Then on to visit Terry's sister and watch a minor league baseball game in her hometown.  There were a number of rain delays, but the game was never canceled. There were fireworks after the game, which was also fun. In general, it ended up a late night, but the kids surprised us by sleeping late the next day. Wins all around!

Wednesday, June 7, 2017

The mystery of fresh produce

 (stock photo)

Washington DC is a culinary wasteland. Yes there are some pockets of excellent restaurant food, usually food from Ethiopia, Korea, Vietnam, or somewhere else far from these shores. There may also be good, fresh produce at Whole Foods or the local farmer's market. However, with 5 mouths in this household the days of $15 bunches of asparagus are behind us.

Terry returned from a weekend in PA with four or five full bags of produce. Some of it was local, farmer's market.  The cauliflower he brought home was the best cauliflower I have ever eaten. 24 hours later I am still thinking about it. 

On the other hand, he brought home two plastic quart containers of Driscoll's strawberries, looking exactly like the strawberries I can find in any of the 6 large and medium sized grocery store chains within a 5 mile radius of my home.

I don't know where Driscoll's is, but it probably had to go through DC on its way to Pennsylvania. However, somehow, the freshness, taste and general quality was significantly better than anything I can find in DC. Given the aforementioned overstock of grocery stores in my neck of the woods, this is not a "supermarket desert". It is a quality food desert.

Can anyone suss out why on earth this is the case? 

Monday, May 29, 2017

The cabin makes me happy

I recently read an article about how spending time in nature makes people happy (here's not the article I read, but something else on the topic). Even just 5 minutes gives a boost, and hours in the woods has measurable benefits.  We spent about 24 hours at the cabin this weekend.

 Weeds can be pretty too.

 We planted the tree that's right in the center, about 10 years ago. It's a crabapple.

Kids reading in their hammocks.

Tuesday, May 16, 2017

I passed!

After just about 36 weeks, I took my language exam and passed.  This means the American government feels safe sending me out to Germany to represent my country in their language and not create a international incident through saying something incorrect or inappropriate.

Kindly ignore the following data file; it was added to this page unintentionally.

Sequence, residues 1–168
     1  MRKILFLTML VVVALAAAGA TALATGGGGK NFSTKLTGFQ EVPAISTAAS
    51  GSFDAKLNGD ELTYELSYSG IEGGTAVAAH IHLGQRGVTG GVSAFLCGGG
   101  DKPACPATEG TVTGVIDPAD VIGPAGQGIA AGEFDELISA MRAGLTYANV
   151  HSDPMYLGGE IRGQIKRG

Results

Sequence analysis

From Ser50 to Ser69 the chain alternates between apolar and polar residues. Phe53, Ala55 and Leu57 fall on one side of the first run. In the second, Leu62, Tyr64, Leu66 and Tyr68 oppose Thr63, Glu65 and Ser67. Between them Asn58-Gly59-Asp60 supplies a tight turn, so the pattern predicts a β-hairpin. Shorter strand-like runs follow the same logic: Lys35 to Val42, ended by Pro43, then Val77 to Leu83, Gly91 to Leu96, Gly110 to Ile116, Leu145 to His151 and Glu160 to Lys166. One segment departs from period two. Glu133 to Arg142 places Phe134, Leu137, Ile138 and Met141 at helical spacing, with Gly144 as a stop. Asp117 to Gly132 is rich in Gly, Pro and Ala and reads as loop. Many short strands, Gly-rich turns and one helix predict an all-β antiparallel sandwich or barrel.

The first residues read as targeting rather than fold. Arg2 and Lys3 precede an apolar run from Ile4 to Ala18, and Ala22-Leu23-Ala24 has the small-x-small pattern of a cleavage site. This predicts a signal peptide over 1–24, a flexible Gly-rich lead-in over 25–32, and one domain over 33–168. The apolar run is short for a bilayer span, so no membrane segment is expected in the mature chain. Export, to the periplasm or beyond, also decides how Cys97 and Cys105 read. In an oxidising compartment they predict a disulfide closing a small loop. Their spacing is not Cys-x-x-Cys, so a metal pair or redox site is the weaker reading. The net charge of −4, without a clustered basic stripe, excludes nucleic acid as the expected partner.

Intensive German language training is now a thing of the past for me.  At post there is usually a couple-of-hours-per-week class to continue learning or at least not forget too much of what I now know, and I do plan to take advantage of that.  I also plan to continue listening to Deutschland Funk Wirtschaft und Gesellschaft (A German radio program on economics and society, in my mind it's like NPR's All Things Considered) during my morning commute. And American politics is a lot more bearable when I first have to decipher the German so I'll probably still read Der Spiegel sometimes. But I have no homework - none of this is required.

I do, however, have to navigate a veritable mountain of paperwork and logistics to make sure I am ready and permitted to travel. And next week I get to start learning about how to do my job as a consular officer.

It's feeling more real than ever before!

Tuesday, May 2, 2017


Sometime around the pre-election season I had to quit NPR and started listening to podcasts instead. As I got further in German I started listening to news in German. But I usually play a fun podcast during my commute home to make it more bearable.

Today I listened to one all about cake and its relevance in American history. By the time I got home I knew I was making a cake tonight, German review be damned. With my test in just under 2 weeks that is a strong craving indeed.  I mentioned all this to my fabulous au pair, who then whipped up a cake in the 30 minutes between dinner and when she left to bring Zoltan to soccer (I participated too ... I took it out of the oven)

It is delicious.

Saturday, April 29, 2017

The Test

Yesterday in class we practiced some strategies for handling certain parts of the test. I hadn't been working on these particular parts of the test in a while. I failed spectacularly. Last night I had my first nightmare about the test:  I was in a play and for some reason had never bothered to learn my lines.  So it comes to opening night and there's no understudy and there's no complete script laying around everywhere but I don't even know when it's my line until I notice nothing else is happening on stage and then I tear around looking for the part of the script that has my lines, or at least some direction of where I am supposed to be and what topics I'm supposed to be discussing.